查看: 21|回复: 0










Rank: 8Rank: 8

发表于 2018-5-12 10:11:57 | 显示全部楼层 |阅读模式
  “I have some bad news,” my British tour operator told me as I prepared to
return to North Korea four months ago. “The DPRK1) is really short of basic
materials. You’re going to have to take your own snacks and water. Even soap.”
Then he brightened up. “The good news is that it’s still quite hard to get
online there and most mobile phones don’t work. So you’ll be free for as long as
you’re there!”
          It wasn’t the first time of late I’ve encountered such wisdom. In Namibia a
year earlier, I realised that one of the sovereign2) blessings of the place is
that, in nine days and nights, I had barely gone online and had made and
received exactly one phone call (to my wife, to remind her when I would be
coming home). And, of course, in the presence of desert-adapted rhinos3) and
sand dunes the height of skyscrapers, I had never begun to miss the tiny
          More and more people are spending hundreds of pounds a night to stay in
“black-hole resorts4),” one of whose main attractions is that you hand over your
smartphone and tablet on arrival. In a world where the human race accumulates
more information every five minutes than exists in the entire US Library of
Congress, emptiness and silence are the new luxuries.
          Welcome, in short, to “slow travel,” which comes to seem ever more tempting
in an age of acceleration. This can take the form of simply unplugging; but it
also speaks for the special, everyday allure of seeing somewhere on foot, of
going to one place (and not 10) in 14 days, and sometimes of going somewhere to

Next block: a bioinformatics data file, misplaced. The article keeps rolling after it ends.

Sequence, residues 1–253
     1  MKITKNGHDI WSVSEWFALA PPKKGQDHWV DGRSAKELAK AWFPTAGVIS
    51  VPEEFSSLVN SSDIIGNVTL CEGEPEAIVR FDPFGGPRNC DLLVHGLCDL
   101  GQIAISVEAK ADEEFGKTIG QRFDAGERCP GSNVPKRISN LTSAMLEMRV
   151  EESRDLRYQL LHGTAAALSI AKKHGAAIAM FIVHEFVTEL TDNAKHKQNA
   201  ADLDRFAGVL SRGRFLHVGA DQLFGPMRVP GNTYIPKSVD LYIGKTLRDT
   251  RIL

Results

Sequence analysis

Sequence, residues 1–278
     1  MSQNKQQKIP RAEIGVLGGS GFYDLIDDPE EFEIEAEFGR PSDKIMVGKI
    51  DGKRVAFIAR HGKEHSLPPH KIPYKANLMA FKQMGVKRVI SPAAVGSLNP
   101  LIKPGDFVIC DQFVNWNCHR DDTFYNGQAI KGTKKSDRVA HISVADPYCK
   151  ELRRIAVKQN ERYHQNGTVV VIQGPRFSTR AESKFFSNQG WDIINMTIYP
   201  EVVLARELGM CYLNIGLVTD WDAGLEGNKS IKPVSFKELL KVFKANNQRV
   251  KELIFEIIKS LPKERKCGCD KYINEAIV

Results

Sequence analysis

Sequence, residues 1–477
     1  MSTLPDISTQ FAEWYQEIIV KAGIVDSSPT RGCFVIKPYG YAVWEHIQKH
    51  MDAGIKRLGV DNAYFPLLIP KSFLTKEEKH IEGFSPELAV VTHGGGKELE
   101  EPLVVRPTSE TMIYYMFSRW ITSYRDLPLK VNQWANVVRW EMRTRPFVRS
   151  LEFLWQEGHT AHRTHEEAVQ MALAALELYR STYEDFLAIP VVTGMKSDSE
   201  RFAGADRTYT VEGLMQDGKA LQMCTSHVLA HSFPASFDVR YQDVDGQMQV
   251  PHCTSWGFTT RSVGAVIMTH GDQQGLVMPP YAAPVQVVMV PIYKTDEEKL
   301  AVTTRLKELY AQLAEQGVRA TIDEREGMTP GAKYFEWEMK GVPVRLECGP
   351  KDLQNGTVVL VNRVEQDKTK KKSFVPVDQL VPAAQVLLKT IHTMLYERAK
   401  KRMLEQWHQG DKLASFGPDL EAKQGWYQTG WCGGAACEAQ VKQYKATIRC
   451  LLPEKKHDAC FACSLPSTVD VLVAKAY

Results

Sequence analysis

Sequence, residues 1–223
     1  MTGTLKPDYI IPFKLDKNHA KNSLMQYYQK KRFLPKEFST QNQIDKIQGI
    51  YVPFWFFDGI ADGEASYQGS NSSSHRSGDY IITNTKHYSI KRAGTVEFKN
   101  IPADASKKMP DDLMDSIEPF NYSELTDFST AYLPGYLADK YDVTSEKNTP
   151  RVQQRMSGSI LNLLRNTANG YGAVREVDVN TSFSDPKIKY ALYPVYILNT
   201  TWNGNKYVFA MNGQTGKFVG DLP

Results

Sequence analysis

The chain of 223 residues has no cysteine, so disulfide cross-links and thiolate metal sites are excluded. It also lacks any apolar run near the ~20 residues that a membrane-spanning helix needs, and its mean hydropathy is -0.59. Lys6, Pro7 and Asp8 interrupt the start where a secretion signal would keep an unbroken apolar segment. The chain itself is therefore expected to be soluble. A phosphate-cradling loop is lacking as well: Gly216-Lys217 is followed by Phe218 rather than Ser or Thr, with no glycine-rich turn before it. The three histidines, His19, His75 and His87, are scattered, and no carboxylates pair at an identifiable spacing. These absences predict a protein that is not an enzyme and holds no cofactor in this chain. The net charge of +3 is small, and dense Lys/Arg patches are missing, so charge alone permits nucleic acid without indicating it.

do nothing at all. This used to be known as idling, but in a multi-tasking
world, in which we seem to be living at a pace dictated by machines, going at
human speed suddenly begins to look like sanity and freedom.
          I experienced my own first taste of slow travel 23 years ago, when I
checked into a monastery5), of all places—even though years of enforced chapel6)
at school had left me all but allergic to church services. It didn’t matter. The
chance to take walks, to forget about phone calls, to sit and just catch my
breath, so invigorated7) me that when I moved to Japan, I took a two-room flat
that had something of the quiet of a retreat house.
          But I also experienced a sense of freedom when I arrived in Zurich, to find
I could get everywhere by easy and frequent tram. I’ve known friends take tours
on bicycles, or long train rides so they can simply read and write and chat with
strangers. I’ve seen them go skiing in Kashmir, where there’s just one
chairlift, or fishing in Scotland or Montana to catch some stillness. Even
Ritz-Carltons8) and Intercontinentals9) now offer “digital detox10)” packages to
help open your eyes and ears to the wonders around you.
          The essence of holidays, and therefore travel, is to get what you don’t get
enough of the rest of the time. And for more and more of us, this isn’t
movement, diversion or stimulation; we’ve got plenty of that in the palms of our
hands. It’s the opposite: the chance to make contact with loved ones, to be in
one place and to enjoy the intimacy and sometimes life-changing depth of talking
to one person for five—or 15—hours.
          Of course, lying on a beach or in a hammock11) has always offered something
of a respite12) from the rat race13). But as I hear of westerners walking to
Mount Kailash, or a film producer going to the Seychelles just to read books
with his daughter, as I see how the appeal of a long walk in the woods is not
just the woods but the lack of all signals, I suspect that the world has
reversed direction since the time, not so long ago, when jumbo jets14) and
Concordes15) first promised to whisk16) us across the planet at supersonic
speeds. Concorde, after all, is gone now; but near where I live, in the old
Japanese capital of Nara, there are more and more rickshaws17) in view—to cater
to the very people who patented the idea of “Six Cities in Four Days.”

使用道具 举报

您需要登录后才可以回帖 登录 | 立即注册


小黑屋|手机版|Archiver|新都网 ( 京ICP备09058993号 )

GMT+8, 2019-1-17 11:16 , Processed in 0.036776 second(s), 7 queries , WinCache On.

Powered by Discuz! X3.4

© 2001-2017 Comsenz Inc.

快速回复 返回顶部 返回列表